After some FOMC members traded stocks around the time the Fed was about to act on Covid-19, the new rules conveniently have participants out of individual stocks.

CNBC noted Federal Reserve is Surrounded by Controversy

Rosengren, Kaplan and any other Fed officials who traded stocks didn’t violate laws or policies. In fact, that’s become part of the criticism leveled in some circles – that following the financial crisis the Fed didn’t do a housecleaning when it came to internal rules to make sure it avoided the kinds of conflicts that came to light during the crisis.

“Keep in mind, they already have [trading] rules they imposed on banks, for example, and yet the Fed’s governors don’t live by those same rules,” said Christopher Whalen, a Fed veteran and now chairman of Whalen Global Advisors. “After Dodd-Frank [the post-crisis banking reforms], every agency in Washington tightened up little conflicts like insider trading. And yet the Fed is somehow exempt from those rules? They look ridiculous.”

10: Price Stability Is a Joke 

Point number five is clearly a joke. The Fed has massively asymmetric policy that results in huge repetitive stock market bubbles that it does not count as inflation. 

Fed manipulation does not bring stability, it increases instability.

Credibility on the Line

St. Louis Fed President James Bullard created quite a stir on February 14 as noted in Bullard Says Fed Credibility Is On the Line, Repeats Faster Rate Hike Message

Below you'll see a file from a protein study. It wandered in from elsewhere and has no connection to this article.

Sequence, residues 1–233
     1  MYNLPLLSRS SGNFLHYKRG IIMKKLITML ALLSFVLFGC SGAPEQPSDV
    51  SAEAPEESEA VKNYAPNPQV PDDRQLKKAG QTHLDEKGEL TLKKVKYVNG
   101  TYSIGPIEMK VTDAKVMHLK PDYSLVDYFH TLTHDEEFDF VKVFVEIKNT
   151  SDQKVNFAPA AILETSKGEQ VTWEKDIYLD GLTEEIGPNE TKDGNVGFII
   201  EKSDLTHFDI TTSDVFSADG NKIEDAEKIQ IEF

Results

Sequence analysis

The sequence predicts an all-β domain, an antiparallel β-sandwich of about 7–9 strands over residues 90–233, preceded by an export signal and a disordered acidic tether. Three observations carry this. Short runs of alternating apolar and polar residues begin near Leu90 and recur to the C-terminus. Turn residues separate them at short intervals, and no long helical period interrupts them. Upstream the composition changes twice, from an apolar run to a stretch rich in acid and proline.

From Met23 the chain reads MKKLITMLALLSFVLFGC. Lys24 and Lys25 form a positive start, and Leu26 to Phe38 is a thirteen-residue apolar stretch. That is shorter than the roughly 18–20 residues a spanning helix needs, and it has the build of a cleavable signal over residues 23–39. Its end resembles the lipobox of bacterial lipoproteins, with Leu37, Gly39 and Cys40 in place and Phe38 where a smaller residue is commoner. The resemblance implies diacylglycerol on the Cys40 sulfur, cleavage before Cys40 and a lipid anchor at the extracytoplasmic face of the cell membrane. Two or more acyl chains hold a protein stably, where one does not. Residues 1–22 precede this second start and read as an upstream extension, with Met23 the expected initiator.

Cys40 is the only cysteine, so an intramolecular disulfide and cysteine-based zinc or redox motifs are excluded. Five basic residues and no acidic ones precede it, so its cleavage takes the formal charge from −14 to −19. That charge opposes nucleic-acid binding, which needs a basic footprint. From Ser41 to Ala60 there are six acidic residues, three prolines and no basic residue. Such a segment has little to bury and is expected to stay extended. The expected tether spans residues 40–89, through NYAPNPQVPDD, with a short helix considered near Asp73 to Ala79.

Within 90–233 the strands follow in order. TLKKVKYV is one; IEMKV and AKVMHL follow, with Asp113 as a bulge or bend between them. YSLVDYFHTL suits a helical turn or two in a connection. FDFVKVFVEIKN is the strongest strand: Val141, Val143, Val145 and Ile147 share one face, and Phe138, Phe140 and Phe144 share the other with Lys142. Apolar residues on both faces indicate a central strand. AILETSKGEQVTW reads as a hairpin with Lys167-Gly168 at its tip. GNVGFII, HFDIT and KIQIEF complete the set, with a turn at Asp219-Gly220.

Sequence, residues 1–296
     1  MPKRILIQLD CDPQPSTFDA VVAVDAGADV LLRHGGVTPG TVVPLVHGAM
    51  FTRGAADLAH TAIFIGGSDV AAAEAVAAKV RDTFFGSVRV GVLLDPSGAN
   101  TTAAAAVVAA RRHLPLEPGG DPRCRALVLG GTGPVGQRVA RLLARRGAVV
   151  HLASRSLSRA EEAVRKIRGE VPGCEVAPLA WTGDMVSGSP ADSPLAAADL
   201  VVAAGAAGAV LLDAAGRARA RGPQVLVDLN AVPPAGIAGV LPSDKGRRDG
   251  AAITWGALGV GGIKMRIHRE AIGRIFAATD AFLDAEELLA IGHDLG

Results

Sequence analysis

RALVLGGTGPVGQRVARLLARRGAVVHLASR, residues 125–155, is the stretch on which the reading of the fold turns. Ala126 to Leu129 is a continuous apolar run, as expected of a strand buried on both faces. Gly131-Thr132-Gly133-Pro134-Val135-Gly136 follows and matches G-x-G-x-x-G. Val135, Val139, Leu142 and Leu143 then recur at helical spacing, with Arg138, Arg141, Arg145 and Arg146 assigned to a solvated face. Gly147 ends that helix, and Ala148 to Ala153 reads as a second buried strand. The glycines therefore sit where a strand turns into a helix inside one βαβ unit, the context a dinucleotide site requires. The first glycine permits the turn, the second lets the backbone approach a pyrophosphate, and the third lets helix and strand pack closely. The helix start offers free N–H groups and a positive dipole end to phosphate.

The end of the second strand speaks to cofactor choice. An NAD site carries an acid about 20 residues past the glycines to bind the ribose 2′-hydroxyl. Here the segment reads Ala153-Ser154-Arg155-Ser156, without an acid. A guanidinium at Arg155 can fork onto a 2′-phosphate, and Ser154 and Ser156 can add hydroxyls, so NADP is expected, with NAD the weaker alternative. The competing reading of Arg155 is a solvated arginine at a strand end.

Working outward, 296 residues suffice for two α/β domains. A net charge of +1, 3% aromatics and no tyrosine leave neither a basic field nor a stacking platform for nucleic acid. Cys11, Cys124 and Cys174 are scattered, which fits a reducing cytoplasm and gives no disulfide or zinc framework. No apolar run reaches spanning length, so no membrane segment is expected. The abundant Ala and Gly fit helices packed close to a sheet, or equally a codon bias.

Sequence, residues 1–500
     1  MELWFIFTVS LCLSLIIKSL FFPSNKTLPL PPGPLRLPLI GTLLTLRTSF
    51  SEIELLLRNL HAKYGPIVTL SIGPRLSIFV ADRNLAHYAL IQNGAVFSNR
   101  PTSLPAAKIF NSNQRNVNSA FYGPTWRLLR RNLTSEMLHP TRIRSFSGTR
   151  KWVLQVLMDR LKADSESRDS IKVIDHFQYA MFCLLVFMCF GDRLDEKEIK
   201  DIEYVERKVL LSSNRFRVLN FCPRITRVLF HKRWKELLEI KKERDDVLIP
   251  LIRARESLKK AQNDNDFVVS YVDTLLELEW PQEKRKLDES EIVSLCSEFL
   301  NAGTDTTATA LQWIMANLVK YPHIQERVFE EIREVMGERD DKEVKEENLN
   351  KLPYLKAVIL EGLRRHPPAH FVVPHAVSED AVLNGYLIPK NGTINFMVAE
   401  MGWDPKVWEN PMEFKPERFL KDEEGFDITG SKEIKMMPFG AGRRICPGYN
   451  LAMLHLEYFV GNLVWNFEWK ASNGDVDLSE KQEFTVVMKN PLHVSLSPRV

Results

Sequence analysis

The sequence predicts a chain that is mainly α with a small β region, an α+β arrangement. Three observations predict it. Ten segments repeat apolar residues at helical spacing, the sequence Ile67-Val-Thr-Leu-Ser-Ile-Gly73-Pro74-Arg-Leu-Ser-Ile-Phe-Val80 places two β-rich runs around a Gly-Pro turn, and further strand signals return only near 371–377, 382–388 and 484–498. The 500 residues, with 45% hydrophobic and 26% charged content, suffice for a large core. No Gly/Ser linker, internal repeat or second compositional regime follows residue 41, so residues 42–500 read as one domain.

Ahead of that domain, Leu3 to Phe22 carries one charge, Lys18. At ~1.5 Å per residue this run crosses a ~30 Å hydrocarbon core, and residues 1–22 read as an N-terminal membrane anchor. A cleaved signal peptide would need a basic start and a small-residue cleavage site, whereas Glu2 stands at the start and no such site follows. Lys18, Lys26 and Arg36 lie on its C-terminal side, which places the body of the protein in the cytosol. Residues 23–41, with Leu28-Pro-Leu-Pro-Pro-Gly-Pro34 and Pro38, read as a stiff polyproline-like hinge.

Bullard Statements

  • We have the hot CPI report. Not so much that report alone, but the last four reports taken in tandem have indicated inflation is broadening and possibly accelerating.
  • I am just one person but I would like to see 100 basis points on the policy rate by July 1.
  • "I do think we need to front-load more of our planned removal of accommodation than we would have previously. We’ve been surprised to the upside on inflation.
  • I think the inflation we are seeing is very bad for low and moderate-income households. Real wages are declining. People are unhappy. Consumer confidence is declining. This is not a good situation.
Scroll to Continue

RECOMMENDED ARTICLES

Bullard did not dissent in January. Let's see if he dissents in March.

After Bullard spoke, the odds of a half-point hike soared to 97%. 

Powell then trotted out a couple of Fed doves and the odds plunged back towards a quarter-point hike.

 Not Following the Market

The Fed is not following the market.

Via the Fed's self-proclaimed "tool" called "forward guidance" the Fed steered the market to expect the quarter-point hike you see priced in today.

The Fed Uncertainty Principle and a Big Swift Kick in the Pants

I discussed forward guidance in The Fed Uncertainty Principle and a Big Swift Kick in the Pants

The Fed, by its very existence, has completely distorted the market via self-reinforcing observer/participant feedback loops. Thus, it is fatally flawed logic to suggest the Fed is simply following the market, therefore the market is to blame for the Fed’s actions. There would not be a Fed in a free market, and by implication, there would not be observer/participant feedback loops either.

Corollary Number Three

Don’t expect the Fed to learn from past mistakes. Instead, expect the Fed to repeat them with bigger and bigger doses of exactly what created the initial problem.

Returning to the Credibility Theme

If all the Fed does is follow the market, why not eliminate the Fed? Better yet, why not eliminate these serial bubble blowers anyway?

This post originated at MishTalk.Com.

Thanks for Tuning In!

Please Subscribe to MishTalk Email Alerts.

Subscribers get an email alert of each post as they happen. Read the ones you like and you can unsubscribe at any time.

If you have subscribed and do not get email alerts, please check your spam folder.

Mish